Enterprise Virtual Private Network (VPN) and Remote Desktop Protocol (RDP) use have grown exponentially this year as quick solutions to pandemic challenges. While these tools have been critical to business continuity, the increased usage of these services comes with an increased risk of compromise.
RDP, the Microsoft Windows component that makes it easy for staff to connect to work computers while they are away, is used by millions. Because RDP is so widely used, it is a common target for man-in-the-middle cyberattacks. Microsoft estimates nearly 1 million devices are currently vulnerable to remote desktop security risks.
VPN tunneling ensures that before a connection can be made to your server, a connection must be made to the secure private network, which is encrypted and hosted outside of your server. The VPNs set up by organizations are not immune to attack via known and unknown vulnerabilities, both on the client and server side. In addition to security issues, VPNs introduce latency issues when accessing applications in the cloud by routing all traffic back through the enterprise data center.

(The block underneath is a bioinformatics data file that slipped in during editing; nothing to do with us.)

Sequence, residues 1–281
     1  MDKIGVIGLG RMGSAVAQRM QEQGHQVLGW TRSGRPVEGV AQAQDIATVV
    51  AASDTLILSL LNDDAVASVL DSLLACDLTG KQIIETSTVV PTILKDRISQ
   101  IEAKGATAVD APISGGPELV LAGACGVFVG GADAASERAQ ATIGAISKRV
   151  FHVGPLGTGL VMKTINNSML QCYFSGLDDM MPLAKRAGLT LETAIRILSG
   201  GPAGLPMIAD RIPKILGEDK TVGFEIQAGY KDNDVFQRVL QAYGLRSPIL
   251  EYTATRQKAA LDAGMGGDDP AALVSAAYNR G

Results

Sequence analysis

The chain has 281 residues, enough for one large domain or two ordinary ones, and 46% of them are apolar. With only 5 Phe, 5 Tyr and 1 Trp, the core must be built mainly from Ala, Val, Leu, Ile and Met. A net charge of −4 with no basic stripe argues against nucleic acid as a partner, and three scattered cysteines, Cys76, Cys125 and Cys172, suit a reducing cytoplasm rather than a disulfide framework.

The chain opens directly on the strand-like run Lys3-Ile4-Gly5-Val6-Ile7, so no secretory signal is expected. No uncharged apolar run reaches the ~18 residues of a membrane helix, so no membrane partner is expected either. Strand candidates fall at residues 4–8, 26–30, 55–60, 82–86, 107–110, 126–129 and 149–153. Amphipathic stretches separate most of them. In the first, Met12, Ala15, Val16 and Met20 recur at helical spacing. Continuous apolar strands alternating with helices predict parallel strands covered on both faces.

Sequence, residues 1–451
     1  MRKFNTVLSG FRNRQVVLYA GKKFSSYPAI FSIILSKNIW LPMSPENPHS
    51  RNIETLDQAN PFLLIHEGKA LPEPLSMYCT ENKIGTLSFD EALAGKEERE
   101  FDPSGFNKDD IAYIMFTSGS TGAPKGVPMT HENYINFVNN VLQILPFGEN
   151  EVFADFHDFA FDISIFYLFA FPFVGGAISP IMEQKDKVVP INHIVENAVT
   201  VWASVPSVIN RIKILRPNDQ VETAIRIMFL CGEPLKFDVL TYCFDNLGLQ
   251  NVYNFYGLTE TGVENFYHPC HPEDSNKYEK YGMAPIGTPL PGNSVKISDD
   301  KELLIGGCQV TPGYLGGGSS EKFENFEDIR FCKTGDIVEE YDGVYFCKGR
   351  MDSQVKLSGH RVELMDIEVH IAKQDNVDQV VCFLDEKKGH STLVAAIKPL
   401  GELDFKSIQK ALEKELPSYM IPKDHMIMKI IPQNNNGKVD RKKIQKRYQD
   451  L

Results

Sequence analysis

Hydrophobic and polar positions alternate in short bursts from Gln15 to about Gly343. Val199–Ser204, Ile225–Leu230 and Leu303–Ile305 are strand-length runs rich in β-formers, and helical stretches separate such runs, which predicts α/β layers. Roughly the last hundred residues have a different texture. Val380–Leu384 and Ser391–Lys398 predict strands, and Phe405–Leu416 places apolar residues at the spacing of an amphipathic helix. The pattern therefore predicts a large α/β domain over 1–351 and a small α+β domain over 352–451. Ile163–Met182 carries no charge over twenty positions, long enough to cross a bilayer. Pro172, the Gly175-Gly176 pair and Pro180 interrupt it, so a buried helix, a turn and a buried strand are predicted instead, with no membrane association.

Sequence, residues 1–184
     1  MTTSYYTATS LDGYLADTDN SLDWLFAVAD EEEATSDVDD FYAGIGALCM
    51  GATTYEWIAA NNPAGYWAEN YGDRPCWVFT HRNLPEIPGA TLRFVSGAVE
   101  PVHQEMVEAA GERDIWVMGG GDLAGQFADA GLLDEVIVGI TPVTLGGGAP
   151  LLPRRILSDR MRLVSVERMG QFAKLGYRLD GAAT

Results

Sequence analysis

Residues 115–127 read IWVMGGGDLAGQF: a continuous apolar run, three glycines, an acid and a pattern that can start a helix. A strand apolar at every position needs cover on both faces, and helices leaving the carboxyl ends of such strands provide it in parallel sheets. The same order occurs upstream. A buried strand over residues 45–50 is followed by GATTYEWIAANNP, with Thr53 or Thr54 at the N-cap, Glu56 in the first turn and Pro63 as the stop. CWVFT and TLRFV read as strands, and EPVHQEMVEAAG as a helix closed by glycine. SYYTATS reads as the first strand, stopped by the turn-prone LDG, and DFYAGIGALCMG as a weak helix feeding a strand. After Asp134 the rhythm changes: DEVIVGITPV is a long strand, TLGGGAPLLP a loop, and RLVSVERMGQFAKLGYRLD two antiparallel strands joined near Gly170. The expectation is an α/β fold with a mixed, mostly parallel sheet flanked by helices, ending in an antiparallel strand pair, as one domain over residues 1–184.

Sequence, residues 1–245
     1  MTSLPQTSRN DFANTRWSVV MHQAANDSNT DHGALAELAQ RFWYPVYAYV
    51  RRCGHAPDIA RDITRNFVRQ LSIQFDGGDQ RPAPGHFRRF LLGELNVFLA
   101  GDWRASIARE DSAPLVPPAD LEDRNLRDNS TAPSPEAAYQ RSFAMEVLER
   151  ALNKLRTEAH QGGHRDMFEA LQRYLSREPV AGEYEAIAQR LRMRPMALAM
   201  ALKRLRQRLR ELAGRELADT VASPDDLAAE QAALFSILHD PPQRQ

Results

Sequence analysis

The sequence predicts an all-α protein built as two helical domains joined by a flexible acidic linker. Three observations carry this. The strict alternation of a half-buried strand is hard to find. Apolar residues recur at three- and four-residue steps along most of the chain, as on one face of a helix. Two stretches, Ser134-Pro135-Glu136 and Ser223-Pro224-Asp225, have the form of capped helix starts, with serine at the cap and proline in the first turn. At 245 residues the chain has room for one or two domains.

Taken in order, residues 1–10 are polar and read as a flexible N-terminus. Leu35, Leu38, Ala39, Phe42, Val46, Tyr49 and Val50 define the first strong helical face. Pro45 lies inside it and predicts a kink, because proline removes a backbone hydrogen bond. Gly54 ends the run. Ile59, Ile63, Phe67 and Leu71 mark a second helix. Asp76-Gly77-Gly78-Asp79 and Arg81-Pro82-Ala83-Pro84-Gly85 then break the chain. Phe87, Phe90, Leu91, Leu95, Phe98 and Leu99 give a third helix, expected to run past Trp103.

An RDP gateway (in conjunction with a VPN) enhances control by removing all remote user access to your system and replacing it with a point-to-point remote desktop connection. Users go to a login page, enter credentials, and get connected to the network through a firewall. Microsoft has built RDP gateway functionality into its Windows servers, which is where the current risk for legacy computers is found.
What began as a rushed reaction during a crisis will continue to evolve as organizations add security to remote working practices. BPI helps businesses implement secure remote access in distributed enterprises. Gain peace of mind today: (248) 357-3980